Radiant floor heating is an extremely efficient form of heat distribution that allows you to more evenly heat spaces in your home through the floor rather than relying on small forced air vents to fill up large spaces.
In this type of system, water runs through PEX tubing located in/underneath the floor. The water in that tube “radiates” the heat into the structure in which it is housed. This makes it an extremely efficient, cost-effective method for heating a home or building.
Radiant floor heating in Glenwood Springs, CO is becoming extremely popular in new residential homes thanks to the development of PEX, a type of flexible polyurethane tubing that can last more than a century. This tubing snakes underneath the floor and uses that entire floor as its method of heat delivery. The result is greater comfort for homeowners and significantly greater efficiency, as well as more interior design options, as there are no vents or radiators to plan around.
Types of radiant flooring systems
There are three main types of radiant flooring systems you can implement in your home:
- Radiant air floors: These types of floors do not hold in large amounts of heat. This makes them ideal for use in commercial buildings.
- Electric radiant floors: These floors are ideal for heating most types of homes, but also tend to be more expensive.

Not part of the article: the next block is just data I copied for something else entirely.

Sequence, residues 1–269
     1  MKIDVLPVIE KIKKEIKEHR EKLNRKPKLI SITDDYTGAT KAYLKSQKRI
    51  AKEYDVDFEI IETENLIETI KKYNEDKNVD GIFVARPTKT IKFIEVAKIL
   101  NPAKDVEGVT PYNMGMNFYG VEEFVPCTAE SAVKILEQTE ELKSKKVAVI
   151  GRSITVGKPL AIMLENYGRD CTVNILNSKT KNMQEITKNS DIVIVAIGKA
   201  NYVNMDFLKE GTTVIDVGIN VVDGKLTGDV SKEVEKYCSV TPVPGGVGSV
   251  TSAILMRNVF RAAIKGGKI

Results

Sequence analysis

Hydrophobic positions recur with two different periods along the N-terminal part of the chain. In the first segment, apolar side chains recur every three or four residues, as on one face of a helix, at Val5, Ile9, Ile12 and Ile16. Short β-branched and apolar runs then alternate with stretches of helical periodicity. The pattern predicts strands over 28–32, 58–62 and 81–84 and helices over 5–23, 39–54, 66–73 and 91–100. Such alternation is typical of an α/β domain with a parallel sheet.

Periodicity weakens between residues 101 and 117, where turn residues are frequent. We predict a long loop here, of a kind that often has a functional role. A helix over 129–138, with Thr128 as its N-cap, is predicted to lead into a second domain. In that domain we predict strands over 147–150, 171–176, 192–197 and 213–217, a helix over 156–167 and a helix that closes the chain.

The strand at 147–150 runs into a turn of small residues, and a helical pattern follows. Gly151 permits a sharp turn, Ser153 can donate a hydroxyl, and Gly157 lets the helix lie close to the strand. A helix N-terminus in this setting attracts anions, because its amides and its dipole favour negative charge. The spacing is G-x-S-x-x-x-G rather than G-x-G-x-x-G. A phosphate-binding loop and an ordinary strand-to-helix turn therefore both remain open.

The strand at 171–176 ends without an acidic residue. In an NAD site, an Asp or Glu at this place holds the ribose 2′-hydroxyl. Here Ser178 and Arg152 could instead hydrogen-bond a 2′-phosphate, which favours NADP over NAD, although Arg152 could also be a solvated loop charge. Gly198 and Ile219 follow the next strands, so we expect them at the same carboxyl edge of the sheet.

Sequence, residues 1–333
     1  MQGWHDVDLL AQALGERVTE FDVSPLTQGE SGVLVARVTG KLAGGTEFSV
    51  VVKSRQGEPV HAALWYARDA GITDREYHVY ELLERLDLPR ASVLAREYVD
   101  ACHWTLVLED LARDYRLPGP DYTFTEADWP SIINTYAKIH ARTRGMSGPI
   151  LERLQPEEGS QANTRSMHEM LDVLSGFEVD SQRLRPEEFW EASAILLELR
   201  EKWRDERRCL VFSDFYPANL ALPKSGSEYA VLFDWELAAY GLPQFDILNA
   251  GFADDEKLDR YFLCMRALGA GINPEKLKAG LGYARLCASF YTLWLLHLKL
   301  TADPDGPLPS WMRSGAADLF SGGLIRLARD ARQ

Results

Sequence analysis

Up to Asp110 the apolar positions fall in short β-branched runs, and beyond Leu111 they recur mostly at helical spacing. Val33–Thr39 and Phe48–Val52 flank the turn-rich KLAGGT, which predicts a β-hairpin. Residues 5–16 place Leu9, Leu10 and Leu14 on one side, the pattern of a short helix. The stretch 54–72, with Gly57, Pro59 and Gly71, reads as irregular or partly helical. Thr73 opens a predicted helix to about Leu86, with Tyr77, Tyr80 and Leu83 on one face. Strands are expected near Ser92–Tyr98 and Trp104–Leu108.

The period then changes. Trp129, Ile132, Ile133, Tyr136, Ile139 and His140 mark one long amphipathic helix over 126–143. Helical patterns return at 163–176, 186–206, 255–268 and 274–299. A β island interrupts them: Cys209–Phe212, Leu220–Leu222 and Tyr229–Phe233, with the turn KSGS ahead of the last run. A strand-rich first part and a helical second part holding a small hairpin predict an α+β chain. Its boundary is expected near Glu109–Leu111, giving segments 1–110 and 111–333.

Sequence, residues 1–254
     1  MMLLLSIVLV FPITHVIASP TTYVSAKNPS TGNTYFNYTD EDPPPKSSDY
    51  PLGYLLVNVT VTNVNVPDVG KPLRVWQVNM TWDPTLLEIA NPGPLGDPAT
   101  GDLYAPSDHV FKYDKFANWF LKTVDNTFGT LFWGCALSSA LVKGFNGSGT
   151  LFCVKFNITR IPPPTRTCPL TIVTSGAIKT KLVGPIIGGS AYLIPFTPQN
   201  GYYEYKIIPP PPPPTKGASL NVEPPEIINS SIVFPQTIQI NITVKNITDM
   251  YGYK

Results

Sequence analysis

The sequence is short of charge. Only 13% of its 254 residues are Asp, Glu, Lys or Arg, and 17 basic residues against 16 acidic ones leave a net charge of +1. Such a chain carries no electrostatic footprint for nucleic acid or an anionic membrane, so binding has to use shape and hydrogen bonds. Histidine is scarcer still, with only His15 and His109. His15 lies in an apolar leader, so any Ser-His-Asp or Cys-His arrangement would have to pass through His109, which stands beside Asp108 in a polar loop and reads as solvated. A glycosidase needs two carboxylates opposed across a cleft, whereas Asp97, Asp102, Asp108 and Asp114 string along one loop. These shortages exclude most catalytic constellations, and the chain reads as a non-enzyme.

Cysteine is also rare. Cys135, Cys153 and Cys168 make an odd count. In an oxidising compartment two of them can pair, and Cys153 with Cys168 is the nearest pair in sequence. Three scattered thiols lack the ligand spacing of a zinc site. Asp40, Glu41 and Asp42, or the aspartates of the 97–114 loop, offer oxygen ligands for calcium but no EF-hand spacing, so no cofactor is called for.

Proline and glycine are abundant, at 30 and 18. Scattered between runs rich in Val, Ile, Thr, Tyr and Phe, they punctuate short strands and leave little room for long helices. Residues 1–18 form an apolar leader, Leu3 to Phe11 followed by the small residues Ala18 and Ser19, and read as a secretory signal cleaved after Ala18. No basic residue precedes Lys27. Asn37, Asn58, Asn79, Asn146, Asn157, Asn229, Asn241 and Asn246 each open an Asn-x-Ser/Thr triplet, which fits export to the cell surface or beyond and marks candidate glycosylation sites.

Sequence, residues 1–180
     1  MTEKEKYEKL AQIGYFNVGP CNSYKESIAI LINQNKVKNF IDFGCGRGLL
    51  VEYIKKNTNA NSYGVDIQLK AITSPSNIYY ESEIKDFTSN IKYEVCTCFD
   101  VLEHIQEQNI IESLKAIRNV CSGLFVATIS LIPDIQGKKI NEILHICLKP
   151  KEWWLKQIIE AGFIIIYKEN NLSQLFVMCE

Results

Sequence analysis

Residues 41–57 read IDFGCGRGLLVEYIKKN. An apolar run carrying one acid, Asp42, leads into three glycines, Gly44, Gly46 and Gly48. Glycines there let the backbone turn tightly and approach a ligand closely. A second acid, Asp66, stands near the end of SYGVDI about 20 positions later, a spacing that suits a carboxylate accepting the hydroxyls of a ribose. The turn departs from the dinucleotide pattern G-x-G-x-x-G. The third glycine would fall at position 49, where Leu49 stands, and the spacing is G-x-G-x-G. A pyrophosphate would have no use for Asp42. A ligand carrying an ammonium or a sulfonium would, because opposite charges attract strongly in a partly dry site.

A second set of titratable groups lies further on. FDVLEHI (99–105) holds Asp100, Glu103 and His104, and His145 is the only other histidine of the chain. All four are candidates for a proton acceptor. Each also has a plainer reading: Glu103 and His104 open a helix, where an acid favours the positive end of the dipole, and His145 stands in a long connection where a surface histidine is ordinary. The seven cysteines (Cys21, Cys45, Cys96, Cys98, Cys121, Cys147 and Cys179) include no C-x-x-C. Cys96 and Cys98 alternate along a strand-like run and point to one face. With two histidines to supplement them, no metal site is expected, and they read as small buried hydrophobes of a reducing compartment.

- Liquid or hydronic floors: These are a more cost-effective form of radiant flooring system, which makes them extremely popular in residential projects.
Within each of these types of radiant flooring systems, there are a lot of different specifications and settings you’ll need to consider. For example, radiant heat baseboard temperatures should be set at about 180 to get the most efficiency out of residential heating systems, but in commercial applications these types of settings may vary from space to space.
In addition, hydronic flooring systems can be used throughout an entire home if you like, but they can also be used on smaller scales, such as to heat a basement. Keep in mind that with different types of flooring used (concrete versus wood, for example), there will be different installation steps you might need to take to ensure the long-term integrity of that flooring.
Installing radiant flooring systems
There are two main types of installation of radiant systems: wet and dry.
Wet installation is most commonly used when working on the ground floor. It involves excavating the area you will heat, adding an insulating layer over which the floor system will lay, adding rebar to support the floor system, adding the plastic tubing through which the water will run and tying it to the rebar, then adding concrete to create a slab foundation on top of which the finished floor will lie.
Dry installation is typically used on a home’s upper floors, and involves suspending the plastic tubing beneath the subfloor and between the floor joists.
For more information about radiant floor heating in Glenwood Springs, CO, contact Garrett Hansen Plumbing Inc. today.
Categorised in: Radiant Floor Heating
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